the fergana valley

Heading towards Uzbekistan was a tough one this time. Not because of Uzbekistan itself. More because of the area that we would be entering: the ferghana valley.
It’s by far the politically and ethnically most fragile area within Central Asia and is known for its conservative religious believers.
It is also the spot in Central Asia where you find nine enclaves, wich makes it even more confusing.
I remember, two years ago I had the same worries regarding the decision “Pamir?” yes or no.
Regardless of my twisted mind about it our bikes were almost constantly rolling towards this mysterious valley.
Kyrgizstan amazed us again with its surreal touch. Turquoise lakes, rivers, rugged mountain-ranges, soft-grass covered rolling hills, yurts…damn, I love kyrgizstan!
With each Kilometer south the mountains seemed to release us from their spiritual intensity and passed us on to the new country: Uzbekistan.
We picked a small border crossing that, I guess , usually only local people use. We found ourselves in a queue of waiting men and partly very attractive and beautiful women. I don’t know if it’s the constant good weather or the fresh fruits but something has an extremely positive impact on them here. Just wow!
Surprisingly easy we got into the country and went straight into the first city: Andijan.
As we had to register at least every third night, we checked into our hotel and relaxed. But time was running and soon the next sun had risen.
Poul helped me to look after new clothes for me and that way we met Gihan. He runs a little shop in town and as I explained him what I was looking for, he instantly closed his shop and took us by taxi into town. What an amazing guy. Later he invited us for plov for dinner and in the end we were staying with him. What a lovely human being! Thank you Gihan, I know you can’t read this but I believe that by writing this down I can spread the good news that the world is beautiful. The next morning we had a chai together and Gihan invited us for breakfast.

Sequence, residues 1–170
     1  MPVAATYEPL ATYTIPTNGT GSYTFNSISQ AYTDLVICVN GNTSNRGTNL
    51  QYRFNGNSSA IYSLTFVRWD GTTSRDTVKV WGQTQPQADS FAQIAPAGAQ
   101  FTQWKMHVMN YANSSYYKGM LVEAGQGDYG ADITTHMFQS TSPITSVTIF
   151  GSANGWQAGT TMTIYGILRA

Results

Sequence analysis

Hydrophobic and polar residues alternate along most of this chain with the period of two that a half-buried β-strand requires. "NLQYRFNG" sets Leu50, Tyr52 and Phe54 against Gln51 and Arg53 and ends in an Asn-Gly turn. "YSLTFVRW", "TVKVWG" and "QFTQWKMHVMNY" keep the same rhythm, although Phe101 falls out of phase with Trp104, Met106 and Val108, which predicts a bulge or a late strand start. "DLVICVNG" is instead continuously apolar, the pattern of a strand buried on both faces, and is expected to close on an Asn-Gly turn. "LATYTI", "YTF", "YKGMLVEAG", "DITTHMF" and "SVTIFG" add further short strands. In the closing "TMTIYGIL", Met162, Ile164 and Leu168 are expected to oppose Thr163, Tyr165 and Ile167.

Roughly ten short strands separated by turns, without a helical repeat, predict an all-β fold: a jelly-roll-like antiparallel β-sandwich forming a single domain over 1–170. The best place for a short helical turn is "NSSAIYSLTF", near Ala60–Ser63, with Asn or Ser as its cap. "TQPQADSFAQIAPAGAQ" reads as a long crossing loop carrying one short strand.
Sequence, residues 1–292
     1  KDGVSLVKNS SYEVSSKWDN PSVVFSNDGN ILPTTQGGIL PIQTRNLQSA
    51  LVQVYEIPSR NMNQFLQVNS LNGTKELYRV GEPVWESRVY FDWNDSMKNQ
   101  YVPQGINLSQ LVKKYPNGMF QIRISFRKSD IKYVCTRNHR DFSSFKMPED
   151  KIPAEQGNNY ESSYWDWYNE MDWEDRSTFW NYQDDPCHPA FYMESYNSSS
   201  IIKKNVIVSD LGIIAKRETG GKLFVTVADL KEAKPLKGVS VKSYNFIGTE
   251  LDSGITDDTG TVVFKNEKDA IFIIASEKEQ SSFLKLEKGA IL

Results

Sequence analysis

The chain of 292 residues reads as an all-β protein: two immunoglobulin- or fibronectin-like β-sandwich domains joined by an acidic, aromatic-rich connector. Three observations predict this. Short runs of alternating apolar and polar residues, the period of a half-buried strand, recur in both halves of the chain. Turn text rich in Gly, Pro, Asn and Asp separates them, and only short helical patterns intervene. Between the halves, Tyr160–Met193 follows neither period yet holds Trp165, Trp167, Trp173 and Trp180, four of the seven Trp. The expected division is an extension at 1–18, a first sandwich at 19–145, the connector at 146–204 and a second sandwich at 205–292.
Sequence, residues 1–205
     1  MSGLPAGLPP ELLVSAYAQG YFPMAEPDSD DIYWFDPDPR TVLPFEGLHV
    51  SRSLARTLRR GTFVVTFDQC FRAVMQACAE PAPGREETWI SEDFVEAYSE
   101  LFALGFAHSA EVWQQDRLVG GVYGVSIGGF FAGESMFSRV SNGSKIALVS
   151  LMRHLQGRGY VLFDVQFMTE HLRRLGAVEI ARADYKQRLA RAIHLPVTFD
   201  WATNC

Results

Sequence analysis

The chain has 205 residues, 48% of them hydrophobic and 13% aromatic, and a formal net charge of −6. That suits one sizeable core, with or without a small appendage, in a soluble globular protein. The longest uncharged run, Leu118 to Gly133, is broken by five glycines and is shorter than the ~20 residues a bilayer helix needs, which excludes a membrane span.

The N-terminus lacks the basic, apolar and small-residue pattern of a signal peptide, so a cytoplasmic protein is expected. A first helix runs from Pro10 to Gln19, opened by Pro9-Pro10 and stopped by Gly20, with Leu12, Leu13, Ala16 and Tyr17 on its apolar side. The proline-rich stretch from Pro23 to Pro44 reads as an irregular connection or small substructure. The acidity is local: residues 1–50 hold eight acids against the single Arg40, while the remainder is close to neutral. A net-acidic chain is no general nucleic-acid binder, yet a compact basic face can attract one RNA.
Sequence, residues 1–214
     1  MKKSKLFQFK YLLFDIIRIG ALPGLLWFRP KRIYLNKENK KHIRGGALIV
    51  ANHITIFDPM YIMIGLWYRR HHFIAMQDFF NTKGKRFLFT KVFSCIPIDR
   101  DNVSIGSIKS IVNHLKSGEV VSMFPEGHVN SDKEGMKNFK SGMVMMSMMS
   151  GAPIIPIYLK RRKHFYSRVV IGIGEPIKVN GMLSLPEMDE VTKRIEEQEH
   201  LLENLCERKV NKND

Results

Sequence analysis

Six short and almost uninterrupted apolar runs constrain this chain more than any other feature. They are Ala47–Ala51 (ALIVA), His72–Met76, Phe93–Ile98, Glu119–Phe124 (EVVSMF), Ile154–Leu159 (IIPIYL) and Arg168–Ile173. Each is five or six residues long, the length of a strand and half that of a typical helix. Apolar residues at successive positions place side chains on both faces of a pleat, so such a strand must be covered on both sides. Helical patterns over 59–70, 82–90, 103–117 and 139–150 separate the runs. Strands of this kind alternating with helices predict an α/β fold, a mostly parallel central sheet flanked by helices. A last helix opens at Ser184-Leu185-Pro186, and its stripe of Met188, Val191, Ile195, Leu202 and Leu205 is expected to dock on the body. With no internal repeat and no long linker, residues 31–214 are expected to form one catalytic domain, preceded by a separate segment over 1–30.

That day was a busy one on the road. Lots of trucks, cars etc made our ride a little unpleasant. And scenerywise this stretch of the fergana valley is not really spectacular. It’s dominated by cotton fields. We camped at an abandoned house that night.
The day after we were already about to climb out of The Valley across the dividing range. A long and steady climb full of chaihanas on left and right our way. Local people kept giving us things for free: apples, plums, money, dinner, bread, accomodation…
I must admit that I’ve never before experienced that amount of hospitality before and am truly amazed.
The next day we made it to Angren, an industrial town right on the other side of the range.
I am very touchy when it comes to the negative effects of traffic, or let’s say: I hate it! God let the fossil fuels finally end so all cars stop. Moving too fast in too unnatural vehicles is not good for us it seems.
Iam sure if all car drivers would have to ride bikes, the world would be a slightly better place. But yeah, maybe that’s just my naive mind.
We did even manage to get into tashkent, second time for me, and can again relax a bit now. Again: a big shout-out to the uzbek-People!! Awesome..

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